Large scale logging and mining

The Solomon Islands’ timber industry has been surrounded by controversy involving widespread destructive logging practices, widespread illegal logging and allegations of corruption. Forest degradation is a significant contributing factor to climate change.

Currently 87% of Solomon Islands’ land is customarily owned, a form of private land ownership. To date, the main commercial development in these privately owned forests has been industrial logging.  Solomon Islands has a long history of timber harvesting, however the intensity of this pressure has increased significantly in recent years.

The rate of large scale timber harvesting on the Solomon Islands has far exceeded the sustainable capacity of the merchantable forests. If harvesting of the forests continues at the current devastating rate, the national commercial log resources could be exhausted by 2015 – destroying the social, economic and environmental values of the affected forests.

In 2005, the sustainable yield for timber harvest in the Solomon Islands was determined to be 250,000m3/yr. In reality, this is not the case. In 2007, at least 1.4 million/m3/yr was harvested. In 2011, this harvested volume increased to a staggering 1.9 million/m3/year, which means that limited timber resources remain. Most of the Islands that comprise Solomon Islands have been completely degraded of their timber resources. However some of the more remote regions of Solomon Islands still have untouched forests. Not only does this have massive environmental implications, it also means that the country will need to fill the economic gap left from this dissolving income stream (currently 46% of Solomon Islands’ export earnings is from logging). Mining and agricultural projects are moving forward to fill this gap. The potential of large scale mining of nickel, gold and silver in the Choiseul and Western provinces is a growing concern, as it will adversely affect both the valuable land and sea resources.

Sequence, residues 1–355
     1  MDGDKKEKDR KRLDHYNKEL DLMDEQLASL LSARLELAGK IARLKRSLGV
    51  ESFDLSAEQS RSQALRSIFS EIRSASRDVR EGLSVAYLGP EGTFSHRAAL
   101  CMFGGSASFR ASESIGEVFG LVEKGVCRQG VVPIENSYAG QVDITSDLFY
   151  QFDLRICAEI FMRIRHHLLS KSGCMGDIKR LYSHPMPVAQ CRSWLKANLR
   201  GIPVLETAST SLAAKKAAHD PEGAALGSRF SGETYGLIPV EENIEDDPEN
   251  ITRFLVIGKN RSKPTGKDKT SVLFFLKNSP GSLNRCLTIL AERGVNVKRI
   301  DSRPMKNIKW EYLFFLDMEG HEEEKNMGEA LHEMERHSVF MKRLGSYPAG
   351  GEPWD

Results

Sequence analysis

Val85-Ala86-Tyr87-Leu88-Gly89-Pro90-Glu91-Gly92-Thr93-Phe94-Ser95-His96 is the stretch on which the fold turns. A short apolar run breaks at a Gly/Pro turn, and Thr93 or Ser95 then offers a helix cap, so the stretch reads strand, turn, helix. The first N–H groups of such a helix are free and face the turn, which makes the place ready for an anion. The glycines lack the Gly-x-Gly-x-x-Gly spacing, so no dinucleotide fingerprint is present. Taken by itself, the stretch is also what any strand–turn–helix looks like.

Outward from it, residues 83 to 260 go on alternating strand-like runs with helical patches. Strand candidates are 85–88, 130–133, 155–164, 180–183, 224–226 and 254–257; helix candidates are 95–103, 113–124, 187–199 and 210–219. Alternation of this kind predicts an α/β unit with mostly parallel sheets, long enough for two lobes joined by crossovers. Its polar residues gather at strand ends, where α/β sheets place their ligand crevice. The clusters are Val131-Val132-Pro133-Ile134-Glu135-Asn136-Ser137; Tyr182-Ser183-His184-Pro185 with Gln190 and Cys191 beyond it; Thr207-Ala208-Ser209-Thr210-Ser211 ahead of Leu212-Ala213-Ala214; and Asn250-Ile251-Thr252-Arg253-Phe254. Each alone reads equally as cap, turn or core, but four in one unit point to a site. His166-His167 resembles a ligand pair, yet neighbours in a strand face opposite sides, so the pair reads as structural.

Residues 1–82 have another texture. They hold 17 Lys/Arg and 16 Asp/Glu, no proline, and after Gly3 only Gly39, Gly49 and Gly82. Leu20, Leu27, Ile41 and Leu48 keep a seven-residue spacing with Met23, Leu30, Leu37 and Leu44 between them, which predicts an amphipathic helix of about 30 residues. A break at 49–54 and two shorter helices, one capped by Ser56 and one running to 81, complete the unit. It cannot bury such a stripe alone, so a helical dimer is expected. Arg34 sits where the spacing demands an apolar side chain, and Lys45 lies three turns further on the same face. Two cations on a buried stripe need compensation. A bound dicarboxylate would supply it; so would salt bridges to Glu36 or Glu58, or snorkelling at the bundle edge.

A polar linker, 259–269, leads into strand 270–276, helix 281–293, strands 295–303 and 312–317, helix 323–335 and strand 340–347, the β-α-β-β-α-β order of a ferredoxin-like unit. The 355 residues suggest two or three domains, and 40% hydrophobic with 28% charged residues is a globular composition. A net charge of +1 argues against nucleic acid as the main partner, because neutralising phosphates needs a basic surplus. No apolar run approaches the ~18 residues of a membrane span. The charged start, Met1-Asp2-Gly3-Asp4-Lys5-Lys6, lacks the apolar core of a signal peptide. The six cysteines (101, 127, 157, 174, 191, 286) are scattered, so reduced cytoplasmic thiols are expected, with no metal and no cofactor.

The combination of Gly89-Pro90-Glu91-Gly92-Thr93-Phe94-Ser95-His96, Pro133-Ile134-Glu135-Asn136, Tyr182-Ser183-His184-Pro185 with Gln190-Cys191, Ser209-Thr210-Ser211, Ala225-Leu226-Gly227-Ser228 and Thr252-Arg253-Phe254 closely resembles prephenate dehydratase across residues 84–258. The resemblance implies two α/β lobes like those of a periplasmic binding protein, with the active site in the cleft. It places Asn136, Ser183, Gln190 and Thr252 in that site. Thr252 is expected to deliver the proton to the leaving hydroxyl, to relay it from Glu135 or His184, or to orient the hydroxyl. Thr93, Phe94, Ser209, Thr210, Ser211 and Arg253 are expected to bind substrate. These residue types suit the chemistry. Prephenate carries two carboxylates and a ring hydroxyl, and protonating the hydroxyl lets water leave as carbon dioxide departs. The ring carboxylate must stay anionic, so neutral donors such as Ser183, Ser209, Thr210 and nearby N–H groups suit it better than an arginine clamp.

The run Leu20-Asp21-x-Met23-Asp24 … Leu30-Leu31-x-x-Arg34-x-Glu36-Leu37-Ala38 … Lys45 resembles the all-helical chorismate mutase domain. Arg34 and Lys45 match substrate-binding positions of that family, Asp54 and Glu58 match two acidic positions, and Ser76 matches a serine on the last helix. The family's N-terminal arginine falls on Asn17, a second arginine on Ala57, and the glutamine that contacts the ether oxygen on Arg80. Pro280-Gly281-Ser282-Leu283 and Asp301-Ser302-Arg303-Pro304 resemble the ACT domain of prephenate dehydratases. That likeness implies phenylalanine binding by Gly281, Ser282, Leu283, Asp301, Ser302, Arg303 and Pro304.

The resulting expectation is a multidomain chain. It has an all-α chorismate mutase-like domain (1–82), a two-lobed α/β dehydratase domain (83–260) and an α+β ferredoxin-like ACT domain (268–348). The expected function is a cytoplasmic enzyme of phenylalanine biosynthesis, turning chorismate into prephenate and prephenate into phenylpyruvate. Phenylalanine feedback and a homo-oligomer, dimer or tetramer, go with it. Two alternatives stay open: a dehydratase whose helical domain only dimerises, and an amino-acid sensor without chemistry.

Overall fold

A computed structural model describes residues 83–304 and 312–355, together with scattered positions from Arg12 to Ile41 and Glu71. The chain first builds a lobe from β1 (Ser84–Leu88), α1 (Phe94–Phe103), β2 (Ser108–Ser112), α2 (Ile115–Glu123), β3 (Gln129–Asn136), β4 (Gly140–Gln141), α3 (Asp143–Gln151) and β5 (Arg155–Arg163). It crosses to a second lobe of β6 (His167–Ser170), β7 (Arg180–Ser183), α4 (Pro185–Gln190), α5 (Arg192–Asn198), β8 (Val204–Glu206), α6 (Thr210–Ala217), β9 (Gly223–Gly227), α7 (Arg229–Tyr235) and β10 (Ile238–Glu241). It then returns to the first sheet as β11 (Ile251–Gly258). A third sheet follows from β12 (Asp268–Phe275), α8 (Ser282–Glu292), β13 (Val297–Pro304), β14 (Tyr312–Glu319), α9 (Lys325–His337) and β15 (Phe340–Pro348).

Solomon Islands as today: wide spread heavily logged forest areas (Satelite picture Munda, Western Province)

Solomon Islands as today: wide spread heavily logged forest areas (Satelite picture Munda, Western Province)